Bigoli, Bigolaro, BigolaristHome >> Tools & Ingredients
When it comes to entertaining, I believe in memorable meals. No need for expensive ingredients or fancy recipes - all you need is something that people will eat with pleasure and remember a long time. On Saturday I had a couple friends over for lunch and decided to offer them a typical peasant dish from Veneto. You won't be able to cook this just yet, as it calls for a bigolaro, my largest pasta-making tool so far. It was the first time I used it, but I learned how to make bigolis like a duck to water.
As my guests arrived, I served a fava bean Parmesan soup made with beans I bought 2 hours before at my farmers' market, along with toasted sourdough bread covered with an emulsion of olive oil, lemon juice and bottarga. As they were finishing this, I tell them: Guys, I'm awfully sorry but I just realized we are short of pasta. Would you mind giving me a hand?
Out comes my bigolaro, this guest-powered pasta extruder from Northern Italy. You see, the people of Tuscany and Veneto were much taken with macaronis but couldn't make them with the soft wheat they grow up there. So they invented this pasta press that has so much pressure in it you can make proper macaronis using regular flour. But the favorite pasta shape is a sort of fat spaghetto called 'bigolo' - hence the name of my new friend - the bigolaro, I said.
My friend Peter is the first sit on it and bravely starts turning the huge levers. Does this make me a bigolarist?, he asks.
As the piston goes down, a lady guests replaces Peter and continues to turn. It gets harder now, and suddendly we see no less than 28 fat spaghetti emerge from the bottom. I rub them in flour as they come out so that they don't stick.
Each guest proceeds in turn until all my dough is gone. Not one of the 28 spaghetti has broken, and by now each is as long as the room.
I go down to the kitchen and come back 10 minutes later with the freshly guest-made bigoli in duck ragł. As they say in Veneto, Arna lessa e bigolo tondo alla sera rabalta el mondo (Round bigoli and poached duck make everybody happy).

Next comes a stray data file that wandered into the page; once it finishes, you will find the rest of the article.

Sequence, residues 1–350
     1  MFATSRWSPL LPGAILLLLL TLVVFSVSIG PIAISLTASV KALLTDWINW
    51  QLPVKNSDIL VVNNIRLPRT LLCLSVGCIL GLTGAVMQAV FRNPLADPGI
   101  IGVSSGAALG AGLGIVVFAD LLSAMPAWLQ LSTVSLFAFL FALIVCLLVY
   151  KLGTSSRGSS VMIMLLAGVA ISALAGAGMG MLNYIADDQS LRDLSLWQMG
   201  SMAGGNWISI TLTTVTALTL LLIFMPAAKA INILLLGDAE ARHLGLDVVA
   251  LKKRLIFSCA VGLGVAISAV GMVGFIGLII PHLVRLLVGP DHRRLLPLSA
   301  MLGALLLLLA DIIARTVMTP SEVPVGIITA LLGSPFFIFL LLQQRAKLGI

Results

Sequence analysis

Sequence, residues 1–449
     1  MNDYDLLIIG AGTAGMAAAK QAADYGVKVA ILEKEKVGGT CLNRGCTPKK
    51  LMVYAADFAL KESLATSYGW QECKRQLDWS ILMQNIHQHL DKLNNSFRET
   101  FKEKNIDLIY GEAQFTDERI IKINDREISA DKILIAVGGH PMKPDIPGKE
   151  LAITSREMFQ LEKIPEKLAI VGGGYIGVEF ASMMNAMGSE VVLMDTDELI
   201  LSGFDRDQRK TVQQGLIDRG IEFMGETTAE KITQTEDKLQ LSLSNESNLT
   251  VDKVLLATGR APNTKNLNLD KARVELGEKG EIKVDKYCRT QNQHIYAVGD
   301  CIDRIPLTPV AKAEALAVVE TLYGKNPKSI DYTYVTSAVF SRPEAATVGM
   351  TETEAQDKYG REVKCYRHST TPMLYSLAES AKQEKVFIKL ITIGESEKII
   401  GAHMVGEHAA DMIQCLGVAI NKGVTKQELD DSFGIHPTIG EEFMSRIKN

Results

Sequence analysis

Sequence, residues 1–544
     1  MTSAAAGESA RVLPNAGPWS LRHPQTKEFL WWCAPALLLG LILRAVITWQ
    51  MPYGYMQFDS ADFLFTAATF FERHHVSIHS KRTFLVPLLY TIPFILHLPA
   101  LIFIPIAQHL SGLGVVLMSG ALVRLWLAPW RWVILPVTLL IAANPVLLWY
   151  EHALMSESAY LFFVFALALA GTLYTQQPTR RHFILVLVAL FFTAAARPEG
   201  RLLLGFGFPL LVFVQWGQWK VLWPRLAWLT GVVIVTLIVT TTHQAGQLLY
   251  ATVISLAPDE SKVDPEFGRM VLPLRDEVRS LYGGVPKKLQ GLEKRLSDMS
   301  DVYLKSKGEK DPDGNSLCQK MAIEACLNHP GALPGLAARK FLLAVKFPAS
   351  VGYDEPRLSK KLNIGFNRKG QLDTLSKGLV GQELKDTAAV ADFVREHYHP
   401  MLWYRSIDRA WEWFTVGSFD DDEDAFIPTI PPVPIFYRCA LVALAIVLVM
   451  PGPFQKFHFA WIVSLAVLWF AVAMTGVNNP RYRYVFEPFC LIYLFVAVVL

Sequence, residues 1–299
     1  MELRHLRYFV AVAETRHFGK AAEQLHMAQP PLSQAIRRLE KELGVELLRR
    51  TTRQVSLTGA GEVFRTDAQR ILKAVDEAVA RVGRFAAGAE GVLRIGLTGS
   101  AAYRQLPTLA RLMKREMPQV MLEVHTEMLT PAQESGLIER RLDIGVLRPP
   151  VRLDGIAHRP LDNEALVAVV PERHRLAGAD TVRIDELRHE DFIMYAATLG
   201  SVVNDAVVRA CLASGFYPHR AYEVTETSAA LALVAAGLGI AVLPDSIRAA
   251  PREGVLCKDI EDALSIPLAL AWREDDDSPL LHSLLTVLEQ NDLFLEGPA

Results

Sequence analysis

Let me now show you how it works.
THE NIGHT BEFORE, I set out to prepare the duck ragł. The traditional Veneto recipe has very precise stipulations. Choked duck boiled in stock, ragł made from the duck's offals and the pasta boiled in the duck stock.
Add your aromatic garnish - carrots, onion, bay leaf, clove, celery stick and herbs. Do not forget some salt.
Bring to a boil, skim, cover and simmer for 2 hours. Fish out the duck, filter the stock and store overnight in the fridge.
THE NEXT DAY, the duck fat dissolved in the stock will have congealed on top. Remove the whitish top layer delicately with a laddle. You can pour it in a glass to see better how fat the duck was. In the days of yore, you would not discard this fat but leave it in the stock or add it back to the ragł for a more nutritious meal. But duck fat rendered like this does not taste like much, and were are not in the days of yore anymore. Discard.
Prepare your ingredients for the ragł itself - more of the same: carrots, bay leaf, garlic, onion, celery stick, the duck offal and a stick of cinammon, the Venitian touch.
Finely dice the vegetables and reserve aside.
Meet the gizzard, the strangest organ in the duck. It is the bird's pre-stomach and it has more abdominal muscle than the Gubernator. You need to cut it with a bad knife, because inside there is a green sack with the bird's last meal, including little stones. Remove it and keep the red muscle all around the sack.
The traditional ragł for bigoli con l'arna only uses the duck offal (gizzard, heart and liver). You may add the rest of the duck too but don't discard the offal, you would be missing all the fun. Make sure there is absolutely no trace of anything green on the duck's liver - you don't want any bile in your ragł, that would ruin your day.
Chop the offal as thin as you can.